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Fisher's River
(North Carolina)
Scenes and Characters (1859)


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You may expect, in a healthy country like that, there would be big eaters.  Stout, healthy men must eat accordingly.  Their food was plain and simle --- no highly seasoned viands to destroy the stomach and produce dyspepsia.  Whether a French cook was better than a Fisher's River cook they knew not, nor did they care a chestnut.  So they got their bacon and cabbage, chicken soup and pot-pies, Irish potatoes and hominy, and their buckwheat pancakes, tarts, and puddings, by way of dessert, all was well.  A good appetite supplied the rest.  A few families (called the "quality") could afford coffee once a week, only colored at that.  All their "sweetnin'" was honey, of which there was great abundance, and the best in the world.  Sugar and molasses were never used;  they could not be afforded.  Black "Gingy-cake Josh Easley" was the only man that used molasses, and where he procured it I can not tell.  I never saw any till I left that country in my nineteenth year.  No "change of course" at their tables;  substantials, dessert, pastry, and all went on the same table, using the same plates.

Their gatherings were frequent, as previously intimated.  One neighbor would help another harvest his grain, taking it in turn till they were all through.  Corn-shuckings were conducted in the same way;  nor could a man clear a piece of ground without inviting his neighbors, and having a "clearin'."  They "swopped work."  They were pre-eminently social.  At such gatherings and workings, all hands would sit down to a long table, and the first dish they "moseyed into" was soup.  Large pewter basins full of soup were placed along the table at a convenient distance, and several pewter spoons were placed in each basin.  They "waded inter it" --- never dipped it out --- all that could reach in the same basin.  Shadrach Franklin played a prank on "Long Jimmy Thompson" over a basin of soup once.  Shadrach was the first man who dipped his spoon into the smoking basin, and it burned his mouth awfully;  but he resolved to have his fun, and bore it without a frown.  "Long Jimmy," a big eater, asked him, "Shadrach, is the soup in good kelter?"  "Yes," was the serious reply.  Long Jimmy tried it, and unceremoniously spirted it out all over the table, producing a soup rainbow.  All right;  a hearty laugh was full compensation for the shower of saliva and soup.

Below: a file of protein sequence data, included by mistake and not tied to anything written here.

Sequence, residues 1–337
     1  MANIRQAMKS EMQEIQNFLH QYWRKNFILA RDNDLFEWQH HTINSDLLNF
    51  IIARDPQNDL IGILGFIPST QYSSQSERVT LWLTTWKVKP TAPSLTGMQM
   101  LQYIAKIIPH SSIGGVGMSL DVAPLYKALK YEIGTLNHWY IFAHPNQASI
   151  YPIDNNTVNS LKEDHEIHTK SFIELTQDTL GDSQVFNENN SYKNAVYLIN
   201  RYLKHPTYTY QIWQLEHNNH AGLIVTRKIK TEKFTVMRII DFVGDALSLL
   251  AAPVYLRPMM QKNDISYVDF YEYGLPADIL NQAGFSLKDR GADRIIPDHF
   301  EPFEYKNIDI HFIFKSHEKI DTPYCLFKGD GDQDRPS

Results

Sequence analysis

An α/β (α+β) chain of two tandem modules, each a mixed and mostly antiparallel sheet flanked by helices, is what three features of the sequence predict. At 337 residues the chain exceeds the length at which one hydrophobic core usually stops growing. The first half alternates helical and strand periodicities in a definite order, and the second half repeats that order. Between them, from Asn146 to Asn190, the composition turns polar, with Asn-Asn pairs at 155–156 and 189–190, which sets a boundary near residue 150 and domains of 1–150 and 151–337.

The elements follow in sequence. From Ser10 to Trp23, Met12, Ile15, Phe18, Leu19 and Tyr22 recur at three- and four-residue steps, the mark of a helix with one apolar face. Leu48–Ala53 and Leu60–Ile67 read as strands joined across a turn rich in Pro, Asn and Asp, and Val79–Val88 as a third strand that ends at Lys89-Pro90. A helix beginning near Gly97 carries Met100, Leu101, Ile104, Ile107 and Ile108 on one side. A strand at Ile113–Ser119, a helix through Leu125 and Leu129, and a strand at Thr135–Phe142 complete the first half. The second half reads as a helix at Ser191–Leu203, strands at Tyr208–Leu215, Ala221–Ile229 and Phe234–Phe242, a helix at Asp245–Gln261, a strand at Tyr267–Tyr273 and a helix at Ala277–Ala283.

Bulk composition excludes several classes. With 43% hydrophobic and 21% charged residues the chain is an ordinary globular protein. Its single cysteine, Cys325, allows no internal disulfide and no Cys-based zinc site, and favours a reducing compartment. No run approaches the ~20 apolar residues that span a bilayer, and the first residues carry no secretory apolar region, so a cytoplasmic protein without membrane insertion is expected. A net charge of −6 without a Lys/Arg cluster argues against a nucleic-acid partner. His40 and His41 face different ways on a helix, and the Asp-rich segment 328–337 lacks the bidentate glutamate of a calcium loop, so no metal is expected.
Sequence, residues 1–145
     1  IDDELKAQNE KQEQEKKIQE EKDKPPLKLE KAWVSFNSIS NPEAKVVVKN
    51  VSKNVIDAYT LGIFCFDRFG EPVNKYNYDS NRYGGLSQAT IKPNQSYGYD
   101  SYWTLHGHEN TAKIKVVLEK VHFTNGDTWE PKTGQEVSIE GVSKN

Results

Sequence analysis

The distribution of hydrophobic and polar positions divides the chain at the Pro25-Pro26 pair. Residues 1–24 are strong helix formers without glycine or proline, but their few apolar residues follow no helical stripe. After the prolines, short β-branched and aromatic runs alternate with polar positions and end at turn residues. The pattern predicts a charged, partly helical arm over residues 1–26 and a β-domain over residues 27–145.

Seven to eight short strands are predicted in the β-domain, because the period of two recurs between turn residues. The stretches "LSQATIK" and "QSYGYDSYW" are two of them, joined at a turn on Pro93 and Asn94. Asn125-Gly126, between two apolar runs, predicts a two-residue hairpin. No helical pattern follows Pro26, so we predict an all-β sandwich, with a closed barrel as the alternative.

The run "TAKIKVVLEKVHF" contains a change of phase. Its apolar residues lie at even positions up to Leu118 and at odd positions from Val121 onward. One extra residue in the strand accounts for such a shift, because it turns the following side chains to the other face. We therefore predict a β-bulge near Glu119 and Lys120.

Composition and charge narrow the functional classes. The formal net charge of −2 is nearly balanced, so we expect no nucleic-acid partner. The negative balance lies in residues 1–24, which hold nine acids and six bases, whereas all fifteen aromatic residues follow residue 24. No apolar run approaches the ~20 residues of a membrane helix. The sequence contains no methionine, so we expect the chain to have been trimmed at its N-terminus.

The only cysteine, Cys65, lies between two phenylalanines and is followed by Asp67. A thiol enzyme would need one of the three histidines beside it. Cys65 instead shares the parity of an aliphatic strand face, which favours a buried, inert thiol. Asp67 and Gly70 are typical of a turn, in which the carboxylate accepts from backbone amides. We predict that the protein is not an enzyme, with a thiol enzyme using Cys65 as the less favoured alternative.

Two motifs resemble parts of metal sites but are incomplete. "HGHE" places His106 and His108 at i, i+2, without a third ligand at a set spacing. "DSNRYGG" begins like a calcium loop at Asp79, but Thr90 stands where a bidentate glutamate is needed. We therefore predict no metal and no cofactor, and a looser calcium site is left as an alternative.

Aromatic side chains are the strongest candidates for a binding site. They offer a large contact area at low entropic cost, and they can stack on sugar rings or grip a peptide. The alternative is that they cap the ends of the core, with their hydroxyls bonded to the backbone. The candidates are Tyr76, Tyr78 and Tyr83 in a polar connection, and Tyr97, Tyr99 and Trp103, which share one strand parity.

I have said Long Jimmy Thompson was a big eater.  He was the Mile of Mitchell's River, and Mose Cackerham was the Maximius of Fisher's River.  Once, at a gathering, Long Jimmy let in on a large tray of hog's feet that was set on a table.  He made such havoc of them, and the bones fell so fast on the floor, that it provoked Lark Cannady to blurt out,

"Hellow, Uncle Jimmy, you hull out bones faster nur a cotting-gin can shell out cotting-seed, a nation sight.  You kin beat a whole cotting-pickin' uv huming beings all holler."

But Long Jimmy paid no more attention to this witty gibe than a hungry cur would to a gnat.  At a reaping at Uncle Billy Norman's, Mose Cackerham ate up the backbones of several hogs, and their joles.  The bones kept falling on the floor with such force and noise that Dick Snow exclaimed,

"Dang it, Uncle Mose, ef your bones don't fall as hard on the floor as ears o' corn on the floor of a empty corn-crib at a corn-shuckin', and nearly as fast.  By jingo!  I wouldn't feed you fur all yer wuck.  You'd 'duce a famine in a man's smoke-house mighty quick."

A tinker was about the first man I remember to have seen.  He was an indispensable in that section --- as much so as Prince Knock-'em-stiff.  A tinker, in that honest region, needed not the name of a John Bunyan to make his fraternity respectable;  he was a man of distinction, and honorable.  Pewter cupboard ware was all the go.  The tinker made it his business once a year to visit every family to remould their broken pewter ware.  We had pewter basins, dishes, plates, spoons, etc.  Our cups were tin mostly;  some were pewter;  but few men had plain delft-ware;  china was unknown.  Of "yethen ware" where were crocks, jugs, and jars, which are essential every where.  Major Oglesby, a man of some wealth, "one of the quality," had the finest delft known.  It was a great curiosity to the "natives," and much talked of every where.  When his plain neighbors visited him they were much embarrassed to know how to use it.

Uncle Frost Snow, William Golding, and others went to the "major's" to take a hunt.  At meal milk was served in tea-cups --- glass was then not used, not even by the major --- and Uncle Frost, not knowing how to handle a tea-cup, turned it over, and spilled the milk on  a fine table-cloth.

"Dang it, major," said Uncle Frost, "I wish you'd a gi'n me a tin cup, then I'd a knowed how to a used him.  I ain't no quality no how.  You can't make a quality man out'n me.  I'm nobody but Frost Snow, from old Fudginny."



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